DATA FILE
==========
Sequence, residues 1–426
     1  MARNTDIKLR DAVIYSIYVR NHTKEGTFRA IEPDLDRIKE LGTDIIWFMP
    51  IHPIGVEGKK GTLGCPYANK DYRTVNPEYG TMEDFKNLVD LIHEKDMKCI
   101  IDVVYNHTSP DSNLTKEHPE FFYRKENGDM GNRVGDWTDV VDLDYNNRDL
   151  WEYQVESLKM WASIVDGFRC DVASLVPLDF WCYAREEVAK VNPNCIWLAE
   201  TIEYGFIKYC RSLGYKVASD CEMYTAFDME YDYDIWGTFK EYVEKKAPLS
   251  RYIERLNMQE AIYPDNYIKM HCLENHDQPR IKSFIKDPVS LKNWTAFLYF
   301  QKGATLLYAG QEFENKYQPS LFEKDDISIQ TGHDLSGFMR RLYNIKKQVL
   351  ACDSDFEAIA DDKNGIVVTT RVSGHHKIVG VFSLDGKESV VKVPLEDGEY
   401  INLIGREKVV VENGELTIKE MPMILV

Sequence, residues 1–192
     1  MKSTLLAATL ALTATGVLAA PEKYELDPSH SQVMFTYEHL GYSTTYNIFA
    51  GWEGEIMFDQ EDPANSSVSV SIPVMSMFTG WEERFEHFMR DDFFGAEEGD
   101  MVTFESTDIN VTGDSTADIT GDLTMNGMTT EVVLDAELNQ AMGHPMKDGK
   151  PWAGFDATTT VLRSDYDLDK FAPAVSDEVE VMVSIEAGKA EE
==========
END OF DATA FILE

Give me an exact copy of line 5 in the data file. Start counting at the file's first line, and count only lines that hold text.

   151  WEYQVESLKM WASIVDGFRC DVASLVPLDF WCYAREEVAK VNPNCIWLAE